By MARY SELL, Alabama Daily News
Last year, 189,231 Alabamians took out 1.6 million payday loans worth about $563.6 million from lenders in the state. They paid about $98.4 million in fees, according to a database kept by the Alabama Department of Banking.
“It’s absolutely massive,” Dev Wakeley, a policy analyst for the progressive advocacy group Alabama Arise, said recently about the fees paid by borrowers.
“All this money is getting syphoned out of communities and most of it goes out of state.”
Payday lending reform, specifically the fees allowed to be charged to borrowers, has become a perennial issue in the Alabama State House. A bill by Sen. Arthur Orr, R-Decatur, to give borrowers up to 30 days to repay the money instead of what can be 10 to 20 days, was killed earlier this month on an 8-6 vote in the Senate Banking and Insurance Committee.
“The fact that this bill got shut down in committee does not negate the fact that there is a massive need for reform,” Wakeley said.
Lenders say their numbers have decreased in recent years and more regulations will impact them further, sending Alabamians to online lenders that aren’t regulated by the state.
Max Wood, a payday lender and president of Borrow Smart, a payday industry group, told Alabama Daily News that the number of licensed storefront payday lenders in Alabama has declined by about 50% in recent years to about 600.
Wood said there are two reasons for that: a proliferation in online lenders and enforcement of Alabama’s $500 cap on the amount of money people can borrow at one time.
In 2013, Wood said Alabamians had 4 million payday loan transactions, compared to less than 2 million last year.
“People didn’t stop borrowing, they stopped borrowing from state-regulated lenders and went online,” Wood said.
Those who voted against the bill in committee said they were concerned that more regulations for storefront lenders would send more borrowers to online lending.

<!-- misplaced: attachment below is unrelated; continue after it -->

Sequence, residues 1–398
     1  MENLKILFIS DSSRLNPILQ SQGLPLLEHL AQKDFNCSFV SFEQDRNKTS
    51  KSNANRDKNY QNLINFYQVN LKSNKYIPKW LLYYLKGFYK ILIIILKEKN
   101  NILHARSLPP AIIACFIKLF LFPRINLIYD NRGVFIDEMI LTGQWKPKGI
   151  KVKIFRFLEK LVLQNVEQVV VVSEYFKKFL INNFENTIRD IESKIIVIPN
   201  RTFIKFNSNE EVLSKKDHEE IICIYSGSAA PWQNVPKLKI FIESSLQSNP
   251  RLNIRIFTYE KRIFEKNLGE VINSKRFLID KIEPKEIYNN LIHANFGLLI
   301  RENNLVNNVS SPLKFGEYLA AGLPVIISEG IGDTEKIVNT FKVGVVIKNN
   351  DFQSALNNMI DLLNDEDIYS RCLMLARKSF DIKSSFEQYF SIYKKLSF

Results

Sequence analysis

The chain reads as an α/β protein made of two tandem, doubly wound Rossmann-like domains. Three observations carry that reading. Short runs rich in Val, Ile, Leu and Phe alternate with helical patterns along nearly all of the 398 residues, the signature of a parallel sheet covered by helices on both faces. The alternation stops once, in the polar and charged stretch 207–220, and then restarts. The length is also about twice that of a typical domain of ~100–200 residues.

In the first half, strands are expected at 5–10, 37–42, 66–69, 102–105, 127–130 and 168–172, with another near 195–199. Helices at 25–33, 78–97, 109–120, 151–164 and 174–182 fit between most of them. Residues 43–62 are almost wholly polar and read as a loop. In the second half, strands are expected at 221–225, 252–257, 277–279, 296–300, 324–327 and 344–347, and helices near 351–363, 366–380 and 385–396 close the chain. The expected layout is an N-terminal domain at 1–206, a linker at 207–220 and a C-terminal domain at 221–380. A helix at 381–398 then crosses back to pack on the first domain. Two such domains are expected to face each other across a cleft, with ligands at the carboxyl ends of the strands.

“Is this not creating an uneven playing field for those who are doing it the right way?” committee chair Sen. Shay Shelnutt, R-Trussville, said.
Orr has sponsored a variety of payday-lending reform bills in recent years, many getting killed in committee as this year’s legislation did. Orr said he isn’t giving up.
“I’m still committed to the issue and getting a more fair rate for Alabama borrowers,” he said last week.
According to the department of banking’s data:
About 37% of the 2019 transactions were for $500, while the average loan amount was $348;
About 66% of borrowers paid fees between $50 and $100.
Of the 189,231 borrowers, 29,765, the largest percentage, took out one loan, 18,414 borrowers had 20 or more loans.
The database information collection started in 2015. The Alabama Supreme Court earlier that year ruled the state Banking Department can use the database, created by 2013 legislation to enforce the $500 limit. Payday lenders sued the department to block the creation of the system.
Sen. Tom Butler, R-Huntsville, presented the bill to the Senate committee.
He said families that live paycheck-to-paycheck use the loans in emergencies and sometimes to buy back-to-school supplies for their children. The state’s database showed the most loans occurred in the month of August last year.
“Many of them wind up trapped in long-term paybacks at an enormous rate of 456% in this state,” Butler said. “I just think it’s wrong and we need to do something about it.”
Butler also said some southern states, including Georgia, don’t have payday lenders. Payday lending in its most common form is illegal in Georgia, according to that state’s banking department. Small loans of less than $3,000 are regulated by the Georgia Industrial Loan Act.
Wakeley, from Alabama Arise, said there is “discussion of some other avenues” toward reform, including possible changes at local and federal levels.
“This issue is never going to be dead until we end this predatory structure,” he said.